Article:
15 Oct 2020, 21:57 PM

STA, 15 October - The Slovenian Press Agency has expressed indignation at Prime Minister Janez Janša's Twitter post in which he describes the agency as a "national disgrace, an evident abuse of the name it carries".

The statement accompanied the retweet of a post by the editor of Demokracija, Jože Biščak, who questioned STA's priorities by noting that a report about the construction of the Cirkovce-Pince power line, which Janša attended, had fewer words than an interview with the rapper Zlatko.

"Judging the quality of reporting work based on word count, the basis for Prime Minister Janez Janša's response on Twitter, is anything but a professional standard," the STA said.

It noted that several news items had been published about the event Janša attended, whereas the interview with Zlatko accompanied the release of his new album. Moreover, these are different genres that cannot be compared either in terms of form or length.

"Such a manner of labelling the work of reporters of the STA, which is owned by the state but performs a public service, is inadmissible, baseless and is far from the kind of stance we would expect from the president of the largest political party and current prime minister," the agency said.

This is not the first time Janša has written about the STA this way. In March he designated the agency as a ventilator of fake news.

The Slovenian Journalists' Association said it was concerned about a new attack on a media outlet by the prime minister on social networks, noting that the STA is "one of the key building blocks of the Slovenian media environment". The association also stressed that the STA wire is used by media across the board, regardless of their world view, which further justifies it being called a national agency.

Rejecting criticism that is based on incomparable benchmarks, the association said it was "additionally surprised that the prime minister, who publicly urges the citizens to act responsibly in fighting coronavirus, invests energy in confrontation with the media, which are key in the dissemination of information about the measures the government is taking".

13 Oct 2020, 19:03 PM

STA, 13 October 2020 - A meeting of top representatives of all three branches of power at the presidential palace on Tuesday saw Prime Minster Janez Janša defending the continuing criticism of the judiciary by arguing that respect first needed to be earned. President Borut Pahor urged respectful, responsible and dignified communication..

Pahor, who hosted the meeting dedicated to the "the principle of division of power - (self)limitation, mutual oversight and mutual cooperation", opened the discussion by saying division still meant cooperation was needed, this however also required proper form.

The meeting was prompted by Supreme Court president Damijan Florjančič, who expressed the wish a suitable response is secured to inappropriate commentaries and attacks on the judiciary that have intensified recently.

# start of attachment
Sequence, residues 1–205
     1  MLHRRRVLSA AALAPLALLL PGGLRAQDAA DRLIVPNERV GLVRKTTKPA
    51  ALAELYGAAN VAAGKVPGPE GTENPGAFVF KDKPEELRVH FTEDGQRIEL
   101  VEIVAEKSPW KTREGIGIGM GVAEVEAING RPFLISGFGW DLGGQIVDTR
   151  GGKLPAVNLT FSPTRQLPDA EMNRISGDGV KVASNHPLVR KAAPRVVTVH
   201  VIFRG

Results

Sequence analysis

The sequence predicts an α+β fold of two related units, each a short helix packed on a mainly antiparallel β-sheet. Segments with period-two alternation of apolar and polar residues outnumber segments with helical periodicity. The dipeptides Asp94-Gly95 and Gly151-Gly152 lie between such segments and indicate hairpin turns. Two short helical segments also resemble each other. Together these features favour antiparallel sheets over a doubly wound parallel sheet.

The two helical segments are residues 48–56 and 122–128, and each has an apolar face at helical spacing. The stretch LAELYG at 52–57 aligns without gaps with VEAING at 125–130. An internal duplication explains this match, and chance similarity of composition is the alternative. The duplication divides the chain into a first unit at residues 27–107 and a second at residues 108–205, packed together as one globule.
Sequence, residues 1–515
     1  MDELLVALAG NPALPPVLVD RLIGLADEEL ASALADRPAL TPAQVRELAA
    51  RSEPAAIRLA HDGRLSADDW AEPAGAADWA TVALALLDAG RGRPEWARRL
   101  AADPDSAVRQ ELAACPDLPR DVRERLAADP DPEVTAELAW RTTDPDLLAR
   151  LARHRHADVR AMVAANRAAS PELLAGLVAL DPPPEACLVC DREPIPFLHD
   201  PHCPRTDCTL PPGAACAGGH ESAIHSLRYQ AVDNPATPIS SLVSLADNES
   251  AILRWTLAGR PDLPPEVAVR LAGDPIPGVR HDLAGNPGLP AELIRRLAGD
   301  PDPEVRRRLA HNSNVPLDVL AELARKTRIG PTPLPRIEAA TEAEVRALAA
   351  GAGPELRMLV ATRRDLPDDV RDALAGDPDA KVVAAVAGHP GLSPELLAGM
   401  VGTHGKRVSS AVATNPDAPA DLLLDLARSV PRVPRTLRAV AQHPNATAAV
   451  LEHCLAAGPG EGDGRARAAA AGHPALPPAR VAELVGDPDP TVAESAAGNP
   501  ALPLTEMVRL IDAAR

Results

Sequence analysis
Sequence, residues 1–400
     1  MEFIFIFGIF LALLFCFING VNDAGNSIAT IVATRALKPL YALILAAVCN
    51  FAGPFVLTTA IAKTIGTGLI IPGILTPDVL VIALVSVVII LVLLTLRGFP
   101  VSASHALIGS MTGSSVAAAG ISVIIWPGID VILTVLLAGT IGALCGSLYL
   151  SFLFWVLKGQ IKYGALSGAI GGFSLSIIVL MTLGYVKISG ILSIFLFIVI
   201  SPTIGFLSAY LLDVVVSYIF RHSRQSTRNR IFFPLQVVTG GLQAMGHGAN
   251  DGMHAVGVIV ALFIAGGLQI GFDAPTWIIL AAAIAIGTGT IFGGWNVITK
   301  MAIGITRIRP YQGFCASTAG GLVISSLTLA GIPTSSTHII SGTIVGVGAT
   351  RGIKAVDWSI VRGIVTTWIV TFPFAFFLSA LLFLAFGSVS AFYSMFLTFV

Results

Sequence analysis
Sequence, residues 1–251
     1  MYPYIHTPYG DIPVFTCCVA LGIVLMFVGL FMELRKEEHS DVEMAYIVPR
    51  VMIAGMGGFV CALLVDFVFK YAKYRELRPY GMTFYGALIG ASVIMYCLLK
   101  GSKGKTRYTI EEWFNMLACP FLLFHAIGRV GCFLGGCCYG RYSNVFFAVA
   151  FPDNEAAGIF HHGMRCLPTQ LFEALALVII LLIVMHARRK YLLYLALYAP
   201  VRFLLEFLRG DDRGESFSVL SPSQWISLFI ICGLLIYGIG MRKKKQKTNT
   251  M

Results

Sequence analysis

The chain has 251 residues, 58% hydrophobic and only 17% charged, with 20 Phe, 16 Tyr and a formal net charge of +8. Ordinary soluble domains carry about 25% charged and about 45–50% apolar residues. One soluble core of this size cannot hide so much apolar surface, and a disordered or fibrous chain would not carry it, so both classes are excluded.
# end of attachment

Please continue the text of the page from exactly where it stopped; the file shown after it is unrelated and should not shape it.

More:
Florjančič believes that the inappropriate attitude of individual representatives of the executive branch of power towards the judicial branch was increasingly also reflected in the public.

"Is it really not possible to find other means of communication than public labelling and denigrating of judges and thereby of the judicial branch?" Florjančič wondered.

Janša sees things differently, arguing that despite the division of powers "it is probably not forbidden to express criticism". He feels it would be hard to speak of democracy if this were not allowed.

The prime minister also finds it hard to listen about individuals feeling hurt because they are criticised, while judicial errors, as they were referred to by Florjanič, lead to people dying, having their family, career and life destroyed.

"And this is not happening in Yugoslavia but in independent democratic Slovenia, where we constantly pay lip service to human rights," said Janša, who himself spent time in jail in 2014 in a bribery case that was later sent back into retrial and eventually became statute barred.

"Respect needs to be earned," Janša added, calling on the judiciary to engage in critical self-reflection to see where the problems lie. If this reflection and reform is not possible in the judiciary - this is likely the case for politics - "those whose lives you are destroying will protest", Janša argued.

He would like the judiciary to open up, so everybody can monitor the trials and that the Slovakian judicial reform be studied. It is the judiciary that needs to initiate change, as this will help avoid political debates.

Parliament Speaker Igor Zorčič, who noted that it needed to be understood that the public demands answers each time a case fails to be resolved in court, agreed the judicial branch had to function in a way that made it accepted as legitimate by the public.